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Spring Constant from Best Fit Line - sqrt(m) versus T

  • Thread starter icefall5
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  • #1
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Homework Statement


Construct a plot of T versus [itex]\sqrt{m}[/itex]. Fit a straight line through your data and use Eq. (3.2.3) to obtain the spring constant k from the slope, as well as an uncertainty estimate for k.

T is the period of an inertial balance with various masses of mass m. Periods are measured in seconds -- we measured 10 oscillations and divided by 10. Masses are measured in grams; mass was given for each mass.

Homework Equations


Eq. (3.2.3): [itex]T = 2 \pi \sqrt{\frac{m}{k}}[/itex]


The Attempt at a Solution


Solving this equation for k gives [itex]\sqrt{k} = \frac{2\pi \sqrt{m}}{T}[/itex]. I graphed [itex]\sqrt{m}[/itex] on the y-axis, because with rise over run for the slope this makes sense. Then doing 2*pi times that number and then squaring that number gave me a spring constant of 167207, which is incredibly off (the equation for my trendline, done using Excel, is [itex]\sqrt{m} = 65.08T - 11.779[/itex]).

What am I missing? Thank you!
 

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Answers and Replies

  • #2
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[strike]After tons upon tons upon tons of Googling, I determined that the spring constant is correct if the input mass is given in kg, not g. Dividing by 1000 gives roughly 167, which seems much more correct. Woohoo![/strike]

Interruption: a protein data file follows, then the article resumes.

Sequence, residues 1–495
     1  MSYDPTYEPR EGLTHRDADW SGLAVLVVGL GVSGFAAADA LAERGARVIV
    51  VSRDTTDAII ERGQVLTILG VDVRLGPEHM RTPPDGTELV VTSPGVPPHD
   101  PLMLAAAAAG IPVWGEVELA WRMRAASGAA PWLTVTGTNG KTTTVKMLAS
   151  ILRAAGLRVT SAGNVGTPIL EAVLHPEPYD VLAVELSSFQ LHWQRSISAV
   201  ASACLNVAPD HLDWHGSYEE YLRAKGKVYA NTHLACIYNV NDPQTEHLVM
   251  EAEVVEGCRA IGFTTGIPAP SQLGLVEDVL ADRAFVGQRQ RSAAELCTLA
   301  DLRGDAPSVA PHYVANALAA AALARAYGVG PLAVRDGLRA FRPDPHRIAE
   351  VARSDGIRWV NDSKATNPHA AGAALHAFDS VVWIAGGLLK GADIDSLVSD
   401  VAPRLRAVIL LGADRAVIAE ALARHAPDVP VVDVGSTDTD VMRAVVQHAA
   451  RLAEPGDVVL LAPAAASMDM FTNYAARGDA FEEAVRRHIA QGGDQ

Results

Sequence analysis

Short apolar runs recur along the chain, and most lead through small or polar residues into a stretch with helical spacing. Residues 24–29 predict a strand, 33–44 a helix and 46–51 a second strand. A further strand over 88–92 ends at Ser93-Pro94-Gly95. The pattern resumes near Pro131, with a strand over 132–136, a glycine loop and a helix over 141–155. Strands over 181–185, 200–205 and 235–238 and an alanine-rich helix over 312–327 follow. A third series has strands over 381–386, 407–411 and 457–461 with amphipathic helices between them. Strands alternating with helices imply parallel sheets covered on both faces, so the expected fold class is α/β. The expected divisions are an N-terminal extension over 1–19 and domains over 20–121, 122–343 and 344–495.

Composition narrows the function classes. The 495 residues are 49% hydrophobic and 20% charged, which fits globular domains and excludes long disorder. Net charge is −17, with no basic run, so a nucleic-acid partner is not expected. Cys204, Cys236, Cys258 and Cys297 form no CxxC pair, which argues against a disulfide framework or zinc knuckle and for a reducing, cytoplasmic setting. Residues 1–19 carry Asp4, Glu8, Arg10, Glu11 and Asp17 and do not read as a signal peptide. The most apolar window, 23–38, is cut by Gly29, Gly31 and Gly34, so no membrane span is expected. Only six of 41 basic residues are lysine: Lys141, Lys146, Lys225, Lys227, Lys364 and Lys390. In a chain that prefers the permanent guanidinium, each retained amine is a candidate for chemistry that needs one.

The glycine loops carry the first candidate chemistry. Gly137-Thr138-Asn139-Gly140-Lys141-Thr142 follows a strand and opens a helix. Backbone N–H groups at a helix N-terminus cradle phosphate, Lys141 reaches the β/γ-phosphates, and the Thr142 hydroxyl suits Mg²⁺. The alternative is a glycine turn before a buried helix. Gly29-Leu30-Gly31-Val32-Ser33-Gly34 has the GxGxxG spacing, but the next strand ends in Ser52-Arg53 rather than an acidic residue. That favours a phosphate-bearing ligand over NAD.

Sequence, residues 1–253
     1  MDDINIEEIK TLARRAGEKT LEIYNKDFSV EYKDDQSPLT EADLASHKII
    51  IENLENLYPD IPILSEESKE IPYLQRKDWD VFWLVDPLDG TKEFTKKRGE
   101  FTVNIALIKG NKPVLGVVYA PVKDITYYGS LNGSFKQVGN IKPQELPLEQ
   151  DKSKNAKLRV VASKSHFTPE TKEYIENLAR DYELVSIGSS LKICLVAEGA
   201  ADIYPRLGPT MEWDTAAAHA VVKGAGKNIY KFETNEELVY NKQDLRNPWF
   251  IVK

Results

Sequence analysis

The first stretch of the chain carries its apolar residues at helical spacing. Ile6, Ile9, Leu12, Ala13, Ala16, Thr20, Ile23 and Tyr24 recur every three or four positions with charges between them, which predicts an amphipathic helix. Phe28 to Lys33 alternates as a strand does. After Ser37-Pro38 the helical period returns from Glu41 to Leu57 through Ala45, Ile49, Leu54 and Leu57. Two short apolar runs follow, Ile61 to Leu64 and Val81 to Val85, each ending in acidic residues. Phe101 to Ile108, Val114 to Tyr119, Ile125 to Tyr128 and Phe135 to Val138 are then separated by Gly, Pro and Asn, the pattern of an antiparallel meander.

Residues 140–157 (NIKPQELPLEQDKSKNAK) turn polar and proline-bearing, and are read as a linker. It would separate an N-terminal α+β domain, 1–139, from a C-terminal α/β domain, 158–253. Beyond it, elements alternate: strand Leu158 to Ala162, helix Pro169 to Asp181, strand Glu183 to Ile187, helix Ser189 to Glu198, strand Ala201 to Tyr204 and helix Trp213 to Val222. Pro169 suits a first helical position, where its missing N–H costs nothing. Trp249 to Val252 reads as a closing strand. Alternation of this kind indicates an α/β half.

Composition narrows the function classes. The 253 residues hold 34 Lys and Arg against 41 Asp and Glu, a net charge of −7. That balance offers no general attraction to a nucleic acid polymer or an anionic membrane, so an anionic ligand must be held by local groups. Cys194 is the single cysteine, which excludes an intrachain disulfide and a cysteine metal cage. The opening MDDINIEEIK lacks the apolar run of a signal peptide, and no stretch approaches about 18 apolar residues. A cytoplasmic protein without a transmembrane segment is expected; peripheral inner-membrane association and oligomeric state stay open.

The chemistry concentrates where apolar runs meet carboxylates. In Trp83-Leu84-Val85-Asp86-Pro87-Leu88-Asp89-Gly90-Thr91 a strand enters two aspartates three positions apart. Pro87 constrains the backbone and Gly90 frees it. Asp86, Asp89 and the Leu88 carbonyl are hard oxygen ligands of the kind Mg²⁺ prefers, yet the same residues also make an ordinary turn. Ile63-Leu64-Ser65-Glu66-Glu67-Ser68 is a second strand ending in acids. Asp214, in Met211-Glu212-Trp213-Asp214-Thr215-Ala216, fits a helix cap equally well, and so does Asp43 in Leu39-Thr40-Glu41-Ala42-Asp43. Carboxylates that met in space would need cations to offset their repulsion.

Not woohoo. 167 is still incredibly high for the spring constant. The ultimate goal of the lab is to determine the mass of an unknown mass, and this spring constant would make the mass 88 kg. I know that the mass was between 300 and 500 g.
 
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  • #3
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What are your values? I mean, which value is mass and which is T? For example, what is 10 in the Excel table? A mass in grams, a period in seconds or the time for 10 periods?
 
  • #4
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Sorry for not specifying this initially. The top row is the values on the x-axis: the period T in seconds. The bottom row is the values on the y-axis: [itex]\sqrt{m}[/itex] in g. The masses were 100 g, 200 g, 300 g, 400 g, and 500g.
 
  • #5
SammyS
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[strike]After tons upon tons upon tons of Googling, I determined that the spring constant is correct if the input mass is given in kg, not g. Dividing by 1000 gives roughly 167, which seems much more correct. Woohoo![/strike]

Not woohoo. 167 is still incredibly high for the spring constant. The ultimate goal of the lab is to determine the mass of an unknown mass, and this spring constant would make the mass 88 kg. I know that the mass was between 300 and 500 g.
167 Newtons/meter ≈ 0.95 lb/in .
 
  • #6
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I looked at your data and is not really following the pendulum formula with a constant k.
k seem to double when going from the small mass to the large one.
No surprise that what you get from the linear fit does not make sense.

If you plot 1/(4pi^2T^2) versus 1/m (the slope should be k) you can see that the points are not on a straight line.
 
  • #7
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the original statement asks you to plot T against √m.
This should give a straight line through the origin with gradient = 2π/√k.
Finding k should then be straight forward
 
  • #8
SammyS
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Did you measure the spring constant directly?
 

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